It's challenging to be completely prepared for a biowarfare attack, according to Ryan Maves, MD, FACP.
To aid in preparation, he offered attendees at CHEST 2019, held in New Orleans in October, an overview of clinical manifestations and management of three naturally occurring infections that are also potential agents of biowarfare: anthrax, tularemia, and plague.
All three can manifest in the soft tissue, lungs, or both. These overlaps can affect the differential diagnosis, said Dr. Maves, who is staff physician on the critical care medicine and infectious diseases services at the Naval Medical Center in San Diego and associate professor of medicine at the Uniformed Services University of the Health Sciences in Bethesda, Md. For example, plague and tularemia can have multiple features in common. “I think about this probably more than the average guy,” he said, “and I think the odds of me clinically distinguishing between them at the bedside is somewhere between zero and whatever's less than zero.”
He also reminded attendees that these diseases do occur naturally. “I'll admit that it's a little bit odd to think about dying of the Black Death in 2019, but it happens,” he said. “So one case is not an outbreak. One case can be sporadic.”
To help determine whether you have an outbreak on your hands, close coordination with public health authorities is essential, Dr. Maves said. Many of the necessary diagnostic assays are not readily available to practicing clinicians but are accessible through state and county public health departments. The CDC also offers diagnostic support through its Laboratory Response Network, he noted.
Anthrax is caused by Bacillus anthracis, a gram-positive, spore-forming rod that occurs naturally in the soil, Dr. Maves said. Its reservoir is herbivores such as sheep, cattle, and goats that become infected while grazing. About 100,000 human anthrax cases occur naturally worldwide each year, he said. Anthrax does not spread from human to human.
The incubation period of anthrax depends on the form of the disease, Dr. Maves said. The cutaneous form takes one to seven days, while the inhalational form can take up to 60 days, with incubation periods of over 100 days reported with weaponized forms. “If you have spores, and you inhale them, they can make it all the way down into the alveoli,” he said. “They can also kind of set up shop in your nasopharynx and be present for up to two months.”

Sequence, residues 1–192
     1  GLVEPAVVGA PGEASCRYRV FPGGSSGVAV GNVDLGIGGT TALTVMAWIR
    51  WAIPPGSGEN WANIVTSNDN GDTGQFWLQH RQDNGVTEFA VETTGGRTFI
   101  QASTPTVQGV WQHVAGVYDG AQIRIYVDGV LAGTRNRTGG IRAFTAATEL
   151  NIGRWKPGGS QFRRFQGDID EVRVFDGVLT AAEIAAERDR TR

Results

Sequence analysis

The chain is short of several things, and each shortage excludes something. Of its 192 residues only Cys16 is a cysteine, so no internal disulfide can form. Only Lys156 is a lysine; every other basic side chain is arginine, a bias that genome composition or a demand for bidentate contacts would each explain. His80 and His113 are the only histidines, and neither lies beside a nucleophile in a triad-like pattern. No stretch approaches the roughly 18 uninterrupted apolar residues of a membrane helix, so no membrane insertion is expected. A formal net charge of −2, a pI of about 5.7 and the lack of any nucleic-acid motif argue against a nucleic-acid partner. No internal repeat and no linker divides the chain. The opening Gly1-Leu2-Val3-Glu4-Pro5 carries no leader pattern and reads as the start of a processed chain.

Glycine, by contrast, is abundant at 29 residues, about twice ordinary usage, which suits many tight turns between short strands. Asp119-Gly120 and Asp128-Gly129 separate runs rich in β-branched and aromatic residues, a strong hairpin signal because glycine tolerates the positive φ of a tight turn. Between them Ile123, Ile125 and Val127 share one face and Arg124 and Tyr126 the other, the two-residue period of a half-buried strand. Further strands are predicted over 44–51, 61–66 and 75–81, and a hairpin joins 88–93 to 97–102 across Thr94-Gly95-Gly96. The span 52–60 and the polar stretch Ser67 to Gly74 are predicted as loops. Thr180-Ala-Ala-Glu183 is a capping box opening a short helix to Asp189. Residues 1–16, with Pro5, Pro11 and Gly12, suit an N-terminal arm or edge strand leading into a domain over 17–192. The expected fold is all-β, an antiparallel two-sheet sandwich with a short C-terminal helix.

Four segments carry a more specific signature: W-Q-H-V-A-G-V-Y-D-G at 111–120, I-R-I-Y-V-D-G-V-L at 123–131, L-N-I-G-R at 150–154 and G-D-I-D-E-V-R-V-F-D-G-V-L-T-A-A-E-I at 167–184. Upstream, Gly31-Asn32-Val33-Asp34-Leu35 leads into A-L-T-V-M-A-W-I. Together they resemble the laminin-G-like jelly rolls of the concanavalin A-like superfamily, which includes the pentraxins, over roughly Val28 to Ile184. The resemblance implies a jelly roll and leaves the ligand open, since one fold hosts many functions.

The vast majority of human anthrax cases, 95%, are cutaneous, Dr. Maves said, and occur due to a break in the skin. A black ulcer with a gelatinous halo and nonpitting edema forms one to seven days after exposure. “This is culturable [from blood and biopsy specimens] on conventional media,” Dr. Maves said. “Sputum culture in inhalational anthrax is basically worthless. I wouldn't waste a lot of psychic energy on obtaining that.”
Painful regional lymphadenopathy is common with cutaneous anthrax, as are fever, headache, and malaise. The mortality rate for cutaneous anthrax is less than 1% with appropriate antibacterial therapy and surgical debridement, Dr. Maves said.
Inhalational anthrax, Dr. Maves said, “is the bugaboo. That's the thing we're all scared of.” Infected patients exhibit bimodal distribution of syndromes: “People get acutely ill, have a transient improvement, and then get dramatically worse,” with respiratory failure and cardiovascular collapse, he said.
Although people may refer to “pulmonary anthrax” or “respiratory anthrax,” Dr. Maves noted that lung involvement is actually fairly limited. “You might see some degree of pneumonitis on CT imaging, but mainly this is a hemorrhagic mediastinitis.” Patients typically have fever, pleurisy, and headache, Dr. Maves said. Large effusions are not unusual and pleural drainage appears to improve outcomes, he noted. Airspace opacities and pneumonitis may be absent, and bilateral bloody pleural effusions are common.
Hematogenous dissemination to the central nervous system with secondary meningitis is one of the initial things that needs to be evaluated in a suspected anthrax case. “Get lumbar puncture done early to exclude or rule in meningitis,” he said.
Naturally occurring cases of anthrax are broadly susceptible to penicillin, Dr. Maves said. For severe inhalational anthrax, the CDC recommends empiric therapy with meropenem, 2 g IV every 8 hours; ciprofloxacin, 400 mg IV every 8 to 12 hours; and clindamycin, 900 mg IV every 8 hours.
Once susceptibilities have been determined, meropenem can be withdrawn (after meningitis has been excluded) and penicillin can be substituted for a quinolone, Dr. Maves said. People who have been exposed to anthrax require 60 days of postexposure prophylaxis with oral ciprofloxacin, levofloxacin, or doxycycline, regimens that Dr. Maves called a “challenge” to implement. He recommended working with public health officials to determine who has been exposed and who needs to be on these drugs.
Nondrug therapy includes surgical debridement of skin lesions, hemodynamic and respiratory support, and drainage of serosal fluid collections, Dr. Maves said. Immunotherapy includes raxibacumab and obiltoxaximab, which are monoclonal antibodies directed against the protective antigen, and IV anthrax immune globulin, which is derived from vaccinated donors. All are approved or have orphan-drug status in the United States and the European Union, he noted, and are available through the CDC's Strategic National Stockpile.